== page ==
Articles on Autism spectrum disorder

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The theory is that if therapies are started early enough, it might be possible to alter the trajectory of autism. Shutterstock

Treating suspected autism at 12 months of age improves children’s language skills

Children with autism don't usually begin therapy until they're given a diagnosis, which rarely occurs before the age of two. But new research shows there's benefit to starting early.
Rylie, age 10, is one of the nearly 1000 children diagnosed with Pitt-Hopkins Syndrome, a rare form of autism. Photo curtesy of Pitt Hopkins Research Foundation. Photo credit: Christa Michelle Photography

A drug for autism? Potential treatment for Pitt-Hopkins syndrome offers clues

The complexity of autism makes research difficult, but understanding even rare forms of autism is leading to greater insight into the biology of these disorders and potential new treatments.
Alek Minassian (second from left in this courtroom sketch) is accused of driving a van into pedestrians along a stretch of a busy Toronto street on Monday April 23, 2018. (THE CANADIAN PRESS/Alexandra Newbould)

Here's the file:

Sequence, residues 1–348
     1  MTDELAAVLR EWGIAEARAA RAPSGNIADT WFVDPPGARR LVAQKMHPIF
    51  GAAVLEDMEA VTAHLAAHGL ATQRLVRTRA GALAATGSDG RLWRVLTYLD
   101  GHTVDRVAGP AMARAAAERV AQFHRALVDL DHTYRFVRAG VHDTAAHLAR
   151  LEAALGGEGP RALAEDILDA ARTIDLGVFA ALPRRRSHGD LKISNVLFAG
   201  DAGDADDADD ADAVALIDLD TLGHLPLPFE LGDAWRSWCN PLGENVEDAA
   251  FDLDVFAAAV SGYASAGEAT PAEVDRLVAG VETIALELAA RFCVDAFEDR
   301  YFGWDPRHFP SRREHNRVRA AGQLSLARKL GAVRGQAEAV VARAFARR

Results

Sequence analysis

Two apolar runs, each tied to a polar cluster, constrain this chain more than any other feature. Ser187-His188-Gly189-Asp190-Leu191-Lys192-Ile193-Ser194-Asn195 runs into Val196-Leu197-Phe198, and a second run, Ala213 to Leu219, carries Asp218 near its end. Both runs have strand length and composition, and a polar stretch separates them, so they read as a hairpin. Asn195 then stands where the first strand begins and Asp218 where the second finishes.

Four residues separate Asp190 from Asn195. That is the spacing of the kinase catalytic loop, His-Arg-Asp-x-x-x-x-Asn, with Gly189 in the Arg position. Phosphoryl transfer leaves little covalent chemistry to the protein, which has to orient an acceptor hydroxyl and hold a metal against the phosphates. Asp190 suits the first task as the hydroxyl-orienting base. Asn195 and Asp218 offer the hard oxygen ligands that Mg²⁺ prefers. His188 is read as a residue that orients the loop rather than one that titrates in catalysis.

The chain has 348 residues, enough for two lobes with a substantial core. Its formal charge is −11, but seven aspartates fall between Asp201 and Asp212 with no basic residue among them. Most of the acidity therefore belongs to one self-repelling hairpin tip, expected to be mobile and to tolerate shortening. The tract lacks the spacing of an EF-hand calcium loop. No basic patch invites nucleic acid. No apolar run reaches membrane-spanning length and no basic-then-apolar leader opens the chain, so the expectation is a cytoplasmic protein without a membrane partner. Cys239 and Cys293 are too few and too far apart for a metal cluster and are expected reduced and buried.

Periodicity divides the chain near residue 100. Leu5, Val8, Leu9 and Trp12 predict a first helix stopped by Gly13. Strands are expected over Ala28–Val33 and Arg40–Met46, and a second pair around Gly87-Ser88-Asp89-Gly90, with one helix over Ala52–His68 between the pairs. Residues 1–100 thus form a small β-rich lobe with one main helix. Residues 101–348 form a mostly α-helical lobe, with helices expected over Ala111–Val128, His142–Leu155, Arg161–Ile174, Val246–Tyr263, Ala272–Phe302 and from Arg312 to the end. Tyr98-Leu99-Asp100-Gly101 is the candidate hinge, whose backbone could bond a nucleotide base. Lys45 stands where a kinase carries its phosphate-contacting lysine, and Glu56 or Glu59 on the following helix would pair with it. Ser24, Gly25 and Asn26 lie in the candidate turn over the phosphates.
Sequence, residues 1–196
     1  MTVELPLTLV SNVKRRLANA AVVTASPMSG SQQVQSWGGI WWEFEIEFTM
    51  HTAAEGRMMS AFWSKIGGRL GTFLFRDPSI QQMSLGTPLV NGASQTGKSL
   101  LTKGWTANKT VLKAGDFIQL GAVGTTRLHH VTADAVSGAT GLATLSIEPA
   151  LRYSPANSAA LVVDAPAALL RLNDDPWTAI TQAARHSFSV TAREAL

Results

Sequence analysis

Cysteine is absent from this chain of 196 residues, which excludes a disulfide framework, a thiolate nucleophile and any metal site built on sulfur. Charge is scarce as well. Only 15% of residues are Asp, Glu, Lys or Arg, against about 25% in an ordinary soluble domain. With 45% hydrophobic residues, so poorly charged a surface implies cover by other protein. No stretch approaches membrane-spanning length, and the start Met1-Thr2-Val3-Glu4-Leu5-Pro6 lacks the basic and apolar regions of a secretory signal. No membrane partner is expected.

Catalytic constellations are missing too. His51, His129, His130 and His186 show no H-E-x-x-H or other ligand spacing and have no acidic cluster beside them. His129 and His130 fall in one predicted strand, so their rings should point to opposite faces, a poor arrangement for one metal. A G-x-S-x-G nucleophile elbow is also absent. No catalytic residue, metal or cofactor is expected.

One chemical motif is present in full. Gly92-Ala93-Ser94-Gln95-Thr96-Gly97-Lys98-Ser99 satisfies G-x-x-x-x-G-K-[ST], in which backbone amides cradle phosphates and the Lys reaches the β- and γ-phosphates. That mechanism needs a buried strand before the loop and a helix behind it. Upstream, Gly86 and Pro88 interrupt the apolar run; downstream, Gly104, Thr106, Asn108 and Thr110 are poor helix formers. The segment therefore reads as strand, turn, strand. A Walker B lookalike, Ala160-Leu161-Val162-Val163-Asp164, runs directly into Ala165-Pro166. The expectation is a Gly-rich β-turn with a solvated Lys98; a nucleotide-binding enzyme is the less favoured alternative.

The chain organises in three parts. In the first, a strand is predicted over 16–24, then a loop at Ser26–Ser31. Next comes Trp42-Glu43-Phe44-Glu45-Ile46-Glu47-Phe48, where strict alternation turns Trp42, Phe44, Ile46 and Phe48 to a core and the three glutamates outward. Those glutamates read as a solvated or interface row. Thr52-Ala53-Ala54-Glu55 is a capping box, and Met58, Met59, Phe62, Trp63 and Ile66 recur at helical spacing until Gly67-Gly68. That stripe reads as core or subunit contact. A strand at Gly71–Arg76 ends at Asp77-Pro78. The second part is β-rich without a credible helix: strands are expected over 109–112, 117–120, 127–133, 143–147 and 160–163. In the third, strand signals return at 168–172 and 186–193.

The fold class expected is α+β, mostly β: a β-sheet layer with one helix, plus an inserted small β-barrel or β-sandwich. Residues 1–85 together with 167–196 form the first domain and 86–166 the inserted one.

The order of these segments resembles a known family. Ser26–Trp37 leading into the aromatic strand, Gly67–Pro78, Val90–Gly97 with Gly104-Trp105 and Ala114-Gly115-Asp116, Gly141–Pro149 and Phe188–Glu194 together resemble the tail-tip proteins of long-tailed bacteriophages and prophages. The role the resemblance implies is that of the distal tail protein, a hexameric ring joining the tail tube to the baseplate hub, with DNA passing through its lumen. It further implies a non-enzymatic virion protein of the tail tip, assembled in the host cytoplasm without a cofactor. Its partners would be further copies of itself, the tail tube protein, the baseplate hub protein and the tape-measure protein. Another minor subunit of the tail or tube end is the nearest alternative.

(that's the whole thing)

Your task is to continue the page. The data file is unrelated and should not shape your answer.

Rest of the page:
Toronto attack: Autism does not increase risk of violence

The evidence indicates that having autism spectrum disorder actually reduces the risk of violence.
‘Biomusic’ technology collects autonomic nervous system signals, such as heart rate, through a wearable sensor and maps them to sound. (Shutterstock)

How we can design the music of our emotions

Imagine a collaboratively-designed smartphone app that could provide cues to an autistic individual -- about the emotional state of people they are communicating with.
For many parents, sorting the “normal” quirkiness of childhood behaviour from the symptoms of autism spectrum disorder (ASD) can be anxiety provoking. (Shutterstock)

Does my child have autism or is this ‘normal’ behaviour?

Early intervention is key to treating autism, but how is a family to know which quirky childhood behaviours might be symptoms? An educational psychologist explains.
Only one Canadian researcher has ever received the Nobel Prize for medicine, for the discovery of insulin in 1923. And yet Canadians have been essential to developments in stem cell research, gene sequencing and treatments for cancer and brain trauma. (Shutterstock)

Why can’t Canada win another Nobel Prize in medicine?

Only one Canadian has ever received the Nobel Prize for medicine, in 1923. But Canadian discoveries have been essential to stem cell research, gene sequencing and treatments for cancer.
Approximately 87,000 children in Canada are affected by autism. A new web platform promises to help their families access much-needed research knowledge.

Design lab connects autism families with research

Families supporting children with autism urgently need better access to the latest research about evidence-based treatments. A new health design project from Emily Carr University is helping.

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